November is National Family Caregivers Month

When I meet people and they find out I have multiple sclerosis (MS), they often remark at my productive life. I’ll give myself some credit; I’ve done a lot in my life despite living with MS. I might sound a bit braggy right now, but my intent is not to boast. There is someone else that deserves recognition, because without him I wouldn’t be able to do half of the things I do. This person is my husband.

He helps me manage my life with MS. While I get myself ready in the mornings, he makes me breakfast and coffee. He feeds our dog. He puts together a lunch for me and puts my scooter in the van. At night, he often makes us dinner and helps me get ready for bed. There isn’t a day that goes by that I don’t benefit from his help. But no one sees these things except me, and I enter the world with no one assuming that I have this other person filling in where I fall short.

I’m thankful I have a partner to help me deal with my MS. I couldn’t do it alone. When people compliment the way I live my life, it feels good. I work very hard at it. But I think to myself, you should see the other guy. So I tell them about my amazing husband, my partner, my caregiver. I want to acknowledge him and all he does. He’s always working behind the scenes, making me appear more powerful than I am.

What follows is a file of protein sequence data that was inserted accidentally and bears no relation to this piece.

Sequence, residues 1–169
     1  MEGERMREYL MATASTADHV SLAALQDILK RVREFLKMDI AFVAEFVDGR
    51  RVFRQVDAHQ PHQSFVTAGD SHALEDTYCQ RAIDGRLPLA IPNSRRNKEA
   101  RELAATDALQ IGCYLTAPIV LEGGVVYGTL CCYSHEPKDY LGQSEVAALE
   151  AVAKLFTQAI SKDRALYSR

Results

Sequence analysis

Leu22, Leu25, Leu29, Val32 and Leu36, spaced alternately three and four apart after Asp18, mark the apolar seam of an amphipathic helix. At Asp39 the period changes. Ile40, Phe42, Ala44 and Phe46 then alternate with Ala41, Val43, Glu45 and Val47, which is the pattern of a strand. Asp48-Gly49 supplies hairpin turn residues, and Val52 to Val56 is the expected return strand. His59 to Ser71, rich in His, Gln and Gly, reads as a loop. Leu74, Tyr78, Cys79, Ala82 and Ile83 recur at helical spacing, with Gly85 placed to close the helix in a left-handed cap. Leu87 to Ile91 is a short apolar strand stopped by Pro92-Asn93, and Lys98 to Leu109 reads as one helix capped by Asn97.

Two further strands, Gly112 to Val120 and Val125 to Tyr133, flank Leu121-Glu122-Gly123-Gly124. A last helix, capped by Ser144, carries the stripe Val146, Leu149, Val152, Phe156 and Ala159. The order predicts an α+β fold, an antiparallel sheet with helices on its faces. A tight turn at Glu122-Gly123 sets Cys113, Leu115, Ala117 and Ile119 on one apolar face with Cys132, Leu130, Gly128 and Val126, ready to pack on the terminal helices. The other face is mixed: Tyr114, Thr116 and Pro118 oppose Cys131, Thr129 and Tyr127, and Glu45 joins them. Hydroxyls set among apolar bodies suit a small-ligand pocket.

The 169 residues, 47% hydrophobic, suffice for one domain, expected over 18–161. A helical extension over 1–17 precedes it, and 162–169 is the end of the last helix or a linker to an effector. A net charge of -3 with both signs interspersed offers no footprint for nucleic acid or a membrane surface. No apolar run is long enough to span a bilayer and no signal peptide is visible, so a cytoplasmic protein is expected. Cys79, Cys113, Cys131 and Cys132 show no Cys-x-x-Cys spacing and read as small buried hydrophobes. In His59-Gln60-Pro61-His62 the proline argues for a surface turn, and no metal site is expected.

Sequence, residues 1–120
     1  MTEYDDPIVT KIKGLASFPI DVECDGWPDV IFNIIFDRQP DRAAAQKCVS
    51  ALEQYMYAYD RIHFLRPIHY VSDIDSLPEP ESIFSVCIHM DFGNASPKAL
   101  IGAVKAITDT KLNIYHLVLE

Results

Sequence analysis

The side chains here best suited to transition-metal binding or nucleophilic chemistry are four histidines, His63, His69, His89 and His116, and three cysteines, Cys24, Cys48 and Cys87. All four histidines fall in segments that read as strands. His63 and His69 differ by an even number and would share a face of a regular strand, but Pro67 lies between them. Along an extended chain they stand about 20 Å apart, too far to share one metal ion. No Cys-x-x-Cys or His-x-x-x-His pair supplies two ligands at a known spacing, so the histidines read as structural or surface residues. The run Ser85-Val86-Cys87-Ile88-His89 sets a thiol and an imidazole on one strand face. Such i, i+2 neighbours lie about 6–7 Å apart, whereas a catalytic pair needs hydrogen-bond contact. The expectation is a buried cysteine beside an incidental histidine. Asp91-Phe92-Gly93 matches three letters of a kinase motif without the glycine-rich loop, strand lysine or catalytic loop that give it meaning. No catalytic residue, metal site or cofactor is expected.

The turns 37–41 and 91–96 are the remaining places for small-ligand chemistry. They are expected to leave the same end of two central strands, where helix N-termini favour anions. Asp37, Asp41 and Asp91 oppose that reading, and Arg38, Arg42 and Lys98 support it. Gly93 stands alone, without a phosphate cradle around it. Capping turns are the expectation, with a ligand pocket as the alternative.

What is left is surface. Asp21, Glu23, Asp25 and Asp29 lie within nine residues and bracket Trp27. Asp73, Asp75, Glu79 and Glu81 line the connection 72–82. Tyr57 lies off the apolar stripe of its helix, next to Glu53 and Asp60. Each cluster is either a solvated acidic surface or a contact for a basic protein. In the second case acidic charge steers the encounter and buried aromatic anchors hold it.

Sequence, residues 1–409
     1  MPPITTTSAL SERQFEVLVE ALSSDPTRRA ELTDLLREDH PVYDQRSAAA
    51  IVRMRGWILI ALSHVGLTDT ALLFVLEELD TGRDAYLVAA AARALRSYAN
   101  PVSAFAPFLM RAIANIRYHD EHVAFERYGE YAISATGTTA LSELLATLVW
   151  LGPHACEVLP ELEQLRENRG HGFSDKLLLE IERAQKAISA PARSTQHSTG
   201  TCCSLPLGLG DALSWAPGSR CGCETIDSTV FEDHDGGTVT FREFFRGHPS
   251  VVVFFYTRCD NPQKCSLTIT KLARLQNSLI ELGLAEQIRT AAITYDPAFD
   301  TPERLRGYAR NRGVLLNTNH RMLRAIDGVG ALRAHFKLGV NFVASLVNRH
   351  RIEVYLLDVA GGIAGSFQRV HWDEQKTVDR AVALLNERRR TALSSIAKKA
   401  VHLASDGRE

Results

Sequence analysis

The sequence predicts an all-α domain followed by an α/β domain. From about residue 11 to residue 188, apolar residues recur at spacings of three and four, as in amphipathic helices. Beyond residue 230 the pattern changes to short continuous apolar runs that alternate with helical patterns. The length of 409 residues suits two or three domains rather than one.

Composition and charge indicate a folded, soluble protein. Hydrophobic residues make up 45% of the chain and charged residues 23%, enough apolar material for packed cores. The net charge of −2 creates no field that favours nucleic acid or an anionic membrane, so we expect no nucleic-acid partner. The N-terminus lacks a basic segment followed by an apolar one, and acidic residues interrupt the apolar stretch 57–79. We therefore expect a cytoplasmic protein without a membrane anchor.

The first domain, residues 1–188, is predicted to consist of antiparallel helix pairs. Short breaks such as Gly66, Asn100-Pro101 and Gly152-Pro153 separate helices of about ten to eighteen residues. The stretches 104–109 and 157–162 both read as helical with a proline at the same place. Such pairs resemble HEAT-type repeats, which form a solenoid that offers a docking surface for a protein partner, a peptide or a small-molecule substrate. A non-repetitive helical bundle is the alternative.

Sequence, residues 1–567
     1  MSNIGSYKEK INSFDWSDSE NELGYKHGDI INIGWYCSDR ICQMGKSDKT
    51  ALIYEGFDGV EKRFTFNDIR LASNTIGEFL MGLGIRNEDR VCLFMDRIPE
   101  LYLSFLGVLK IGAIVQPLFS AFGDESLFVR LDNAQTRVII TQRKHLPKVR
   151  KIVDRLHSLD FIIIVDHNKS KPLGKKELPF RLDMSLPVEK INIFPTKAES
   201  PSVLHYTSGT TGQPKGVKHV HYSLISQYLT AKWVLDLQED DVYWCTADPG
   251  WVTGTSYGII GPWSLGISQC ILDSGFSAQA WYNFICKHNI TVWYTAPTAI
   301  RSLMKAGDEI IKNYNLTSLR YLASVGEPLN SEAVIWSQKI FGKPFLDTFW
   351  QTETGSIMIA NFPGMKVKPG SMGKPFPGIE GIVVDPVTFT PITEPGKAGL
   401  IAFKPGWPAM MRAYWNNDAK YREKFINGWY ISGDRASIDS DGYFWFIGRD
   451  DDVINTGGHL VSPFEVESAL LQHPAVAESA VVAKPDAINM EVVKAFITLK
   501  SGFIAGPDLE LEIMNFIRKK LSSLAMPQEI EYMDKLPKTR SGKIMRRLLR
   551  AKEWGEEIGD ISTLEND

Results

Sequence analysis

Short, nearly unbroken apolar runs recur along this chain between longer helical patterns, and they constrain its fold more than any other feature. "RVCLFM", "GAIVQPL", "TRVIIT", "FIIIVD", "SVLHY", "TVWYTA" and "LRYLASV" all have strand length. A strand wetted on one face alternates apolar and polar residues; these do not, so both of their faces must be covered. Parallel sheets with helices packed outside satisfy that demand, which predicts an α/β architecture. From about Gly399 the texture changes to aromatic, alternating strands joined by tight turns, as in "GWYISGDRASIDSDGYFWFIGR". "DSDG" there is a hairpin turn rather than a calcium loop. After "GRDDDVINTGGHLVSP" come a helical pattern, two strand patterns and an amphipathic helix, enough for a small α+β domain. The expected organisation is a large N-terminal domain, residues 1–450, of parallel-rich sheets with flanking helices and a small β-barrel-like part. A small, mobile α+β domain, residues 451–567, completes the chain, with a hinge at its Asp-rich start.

My MS Lately

I’ve been on a hiatus. Truth is, I haven’t been feeling very well. I’ve been hiding out. Not from others, or from the reality of my illness, but perhaps from the feelings that can take me to bad places.

My disease is progressive. So far, it’s only gotten worse. My doctor acknowledges the course of my MS. She says it’s slow, at least. And this is true. So, there’s that. It’s gnawing away at me so slowly, but with a level of persistence that is terrifying. My doctor speaks of a plateau that could exist; a comfortable place where my disease decides to stay for a while. Take a break, I think. You’ve been working so hard to destroy me. Even a short rest sounds so lovely to me, but entirely unimaginable. My disease has been progressing for over a decade. Why stop now? Giving up is weak, and this disease is fierce.

Every time I’ve sat down to write in the past few months, what comes out is so negative. A reflection of how I feel. I don’t want to promote it, but it’s not fair to hide it either. It’s not fair to deny the downs that I can experience, the emotional and physical pain that all people with MS can experience. In reality, I’m a positive person. But my life with MS is very difficult and I don’t have to hide it.

I always want my words to be helpful and meaningful for others affected by MS. And I haven’t felt that anything I was writing would accomplish this goal. Then I finally found the purpose in my sharing how I feel. I’m sharing how I’ve been feeling, not because someone wants to read that I’m having a hard time, or to bring down others, but because maybe it might help someone feel less alone. If you are tired, afraid, frustrated, or feeling lost; I’m right there with you. But I can’t stay long. I’m working on a comeback.